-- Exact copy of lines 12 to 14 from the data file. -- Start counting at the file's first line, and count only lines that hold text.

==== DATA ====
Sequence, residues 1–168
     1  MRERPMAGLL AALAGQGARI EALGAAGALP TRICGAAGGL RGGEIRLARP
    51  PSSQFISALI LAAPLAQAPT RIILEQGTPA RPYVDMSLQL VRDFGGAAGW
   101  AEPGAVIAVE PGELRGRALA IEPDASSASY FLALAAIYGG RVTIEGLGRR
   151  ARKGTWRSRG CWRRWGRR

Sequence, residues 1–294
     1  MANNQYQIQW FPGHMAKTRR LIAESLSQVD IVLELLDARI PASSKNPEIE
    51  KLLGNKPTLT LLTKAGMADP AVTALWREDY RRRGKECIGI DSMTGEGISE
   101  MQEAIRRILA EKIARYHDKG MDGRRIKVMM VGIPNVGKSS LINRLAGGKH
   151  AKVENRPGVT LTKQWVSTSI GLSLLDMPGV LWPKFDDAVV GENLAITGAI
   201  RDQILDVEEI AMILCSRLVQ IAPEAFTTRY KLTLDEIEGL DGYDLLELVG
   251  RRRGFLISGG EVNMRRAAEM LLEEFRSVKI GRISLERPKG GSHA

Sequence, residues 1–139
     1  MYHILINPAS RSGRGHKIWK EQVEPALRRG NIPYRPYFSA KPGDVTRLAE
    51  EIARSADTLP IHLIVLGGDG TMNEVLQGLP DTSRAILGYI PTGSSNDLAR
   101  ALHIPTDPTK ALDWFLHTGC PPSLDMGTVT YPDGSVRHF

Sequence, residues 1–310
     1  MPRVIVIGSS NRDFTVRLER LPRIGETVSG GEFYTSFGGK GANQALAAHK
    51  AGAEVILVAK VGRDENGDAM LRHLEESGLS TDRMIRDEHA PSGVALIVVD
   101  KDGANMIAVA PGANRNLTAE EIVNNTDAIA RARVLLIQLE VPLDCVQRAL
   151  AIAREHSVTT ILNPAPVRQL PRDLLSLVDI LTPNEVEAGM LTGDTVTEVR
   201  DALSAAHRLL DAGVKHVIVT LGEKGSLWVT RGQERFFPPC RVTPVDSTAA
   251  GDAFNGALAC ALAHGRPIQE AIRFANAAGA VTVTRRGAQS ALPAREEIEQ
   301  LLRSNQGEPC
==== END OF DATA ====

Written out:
   251  RRRGFLISGG EVNMRRAAEM LLEEFRSVKI GRISLERPKG GSHA

Sequence, residues 1–139
     1  MYHILINPAS RSGRGHKIWK EQVEPALRRG NIPYRPYFSA KPGDVTRLAE